30 January 2018
Steamforged’s ambitious arena title launches into ‘early access’
Godtear, the ambitious-sounding ‘legacy miniatures game’ from Guild Ball and Dark Souls studio Steamforged, has launched an ‘early access’ version of the upcoming project designed to help smooth out its rules ahead of a full release.
The early access kit comes with four champions and their followers for the arena-style hex combat game, which sees characters battling to eliminate their opponents and claim sections of the board during a number of scenarios. The final game will be designed around three champions on each side, with a two-player starter box using a smaller arena and fewer characters.
The full game will feature an ongoing campaign, with legacy aspects coming into play as characters gain skills and the arena is permanently changed by the outcome of matches.
The gameplay is dice-driven, with a focus on chaining together attacks and moves while moving quickly between hexes, rather than needing to measure with a ruler.
The early access kit costs £120 and comes with metal figures for Blackjaw, The Exile; Rhodri Ironheart, Thane of the Forsaken Hold; Lorsaynne, The Autumnal Wind; and Raeth-Marid, The Unbroken Tide, as well as the handfuls of orcs, dwarves elves and water spirits that make up their posses. There’s also a dry-wipe playmat, dice, tokens, cubes, stickers and some other basic components.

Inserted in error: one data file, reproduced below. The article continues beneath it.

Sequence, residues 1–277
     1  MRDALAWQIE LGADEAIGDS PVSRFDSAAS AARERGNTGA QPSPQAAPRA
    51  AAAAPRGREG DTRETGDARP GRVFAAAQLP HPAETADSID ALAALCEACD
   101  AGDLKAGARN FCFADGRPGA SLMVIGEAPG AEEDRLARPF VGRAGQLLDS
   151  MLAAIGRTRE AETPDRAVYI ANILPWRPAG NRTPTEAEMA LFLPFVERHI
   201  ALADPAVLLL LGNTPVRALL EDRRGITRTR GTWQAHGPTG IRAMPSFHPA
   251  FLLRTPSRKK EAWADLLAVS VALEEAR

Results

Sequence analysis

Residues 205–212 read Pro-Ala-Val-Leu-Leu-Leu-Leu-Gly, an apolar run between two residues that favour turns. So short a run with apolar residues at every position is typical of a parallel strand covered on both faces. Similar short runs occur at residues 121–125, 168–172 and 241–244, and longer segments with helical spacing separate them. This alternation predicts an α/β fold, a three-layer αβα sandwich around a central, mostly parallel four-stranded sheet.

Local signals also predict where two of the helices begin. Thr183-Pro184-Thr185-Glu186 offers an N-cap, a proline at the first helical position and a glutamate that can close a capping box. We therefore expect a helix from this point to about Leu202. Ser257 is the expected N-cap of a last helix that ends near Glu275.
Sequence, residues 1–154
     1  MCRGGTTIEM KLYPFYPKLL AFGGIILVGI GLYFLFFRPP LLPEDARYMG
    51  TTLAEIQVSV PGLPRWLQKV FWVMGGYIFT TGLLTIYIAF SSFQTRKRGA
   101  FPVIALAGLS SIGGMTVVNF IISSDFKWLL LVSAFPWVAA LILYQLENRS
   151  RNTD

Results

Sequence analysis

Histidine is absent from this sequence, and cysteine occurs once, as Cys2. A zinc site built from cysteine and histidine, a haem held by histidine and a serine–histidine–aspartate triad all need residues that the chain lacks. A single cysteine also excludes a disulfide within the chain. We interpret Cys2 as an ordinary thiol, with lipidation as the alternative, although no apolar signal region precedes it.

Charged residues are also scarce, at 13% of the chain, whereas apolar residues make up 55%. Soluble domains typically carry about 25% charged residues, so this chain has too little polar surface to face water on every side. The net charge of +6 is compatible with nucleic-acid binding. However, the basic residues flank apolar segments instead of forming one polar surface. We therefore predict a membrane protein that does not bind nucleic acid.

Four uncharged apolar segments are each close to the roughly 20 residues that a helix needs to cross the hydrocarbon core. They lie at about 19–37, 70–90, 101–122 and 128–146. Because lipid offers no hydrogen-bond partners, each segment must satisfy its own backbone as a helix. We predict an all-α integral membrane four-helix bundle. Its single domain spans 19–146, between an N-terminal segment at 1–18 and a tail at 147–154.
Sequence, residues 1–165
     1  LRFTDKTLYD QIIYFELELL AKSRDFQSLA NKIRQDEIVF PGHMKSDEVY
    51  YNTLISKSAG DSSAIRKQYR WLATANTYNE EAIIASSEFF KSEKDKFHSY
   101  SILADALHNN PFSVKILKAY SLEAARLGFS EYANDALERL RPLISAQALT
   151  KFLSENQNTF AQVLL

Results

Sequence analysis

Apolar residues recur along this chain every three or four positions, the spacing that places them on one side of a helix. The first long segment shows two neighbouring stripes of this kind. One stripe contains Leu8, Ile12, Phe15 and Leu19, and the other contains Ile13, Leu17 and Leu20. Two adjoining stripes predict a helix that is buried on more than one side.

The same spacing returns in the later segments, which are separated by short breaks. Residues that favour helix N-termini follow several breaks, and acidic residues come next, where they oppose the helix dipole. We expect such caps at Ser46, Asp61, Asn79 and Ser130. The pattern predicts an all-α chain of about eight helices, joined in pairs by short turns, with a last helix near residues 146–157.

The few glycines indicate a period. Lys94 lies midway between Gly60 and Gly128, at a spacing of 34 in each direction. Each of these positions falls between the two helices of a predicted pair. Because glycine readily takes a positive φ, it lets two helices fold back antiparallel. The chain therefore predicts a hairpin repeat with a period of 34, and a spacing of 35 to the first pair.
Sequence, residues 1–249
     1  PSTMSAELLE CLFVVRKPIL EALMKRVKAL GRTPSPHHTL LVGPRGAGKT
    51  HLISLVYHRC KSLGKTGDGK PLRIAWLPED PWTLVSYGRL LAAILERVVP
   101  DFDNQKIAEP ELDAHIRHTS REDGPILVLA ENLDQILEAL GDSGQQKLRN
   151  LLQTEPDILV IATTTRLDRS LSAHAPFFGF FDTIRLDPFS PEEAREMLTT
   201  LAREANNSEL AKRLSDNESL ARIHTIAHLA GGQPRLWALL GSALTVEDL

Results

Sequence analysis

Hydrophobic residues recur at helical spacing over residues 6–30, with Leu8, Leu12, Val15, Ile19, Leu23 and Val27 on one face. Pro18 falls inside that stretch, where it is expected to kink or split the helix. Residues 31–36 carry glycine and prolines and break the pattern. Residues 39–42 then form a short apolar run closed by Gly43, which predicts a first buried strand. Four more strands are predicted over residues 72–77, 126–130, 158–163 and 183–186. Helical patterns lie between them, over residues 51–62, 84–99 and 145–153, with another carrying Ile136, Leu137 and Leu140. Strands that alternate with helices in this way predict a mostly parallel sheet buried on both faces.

Another two champions, Shayle, Keeper of the Oath and Rangosh, Scourge of the Broken Plains, can be grabbed for an extra £35 each, including their respective golem and human bandit followers.
Steamforged is making no bones about the unfinished nature of the set, saying that the kit is designed to help playtest the final game and doesn’t include rules or cards, which must be downloaded from the internet as they evolve and change during development.
The early access kit will start shipping out from February 12th, and only a limited number of copies are available. Godtear itself is yet to get a release date, with its launch likely dependent on how the early access phase goes.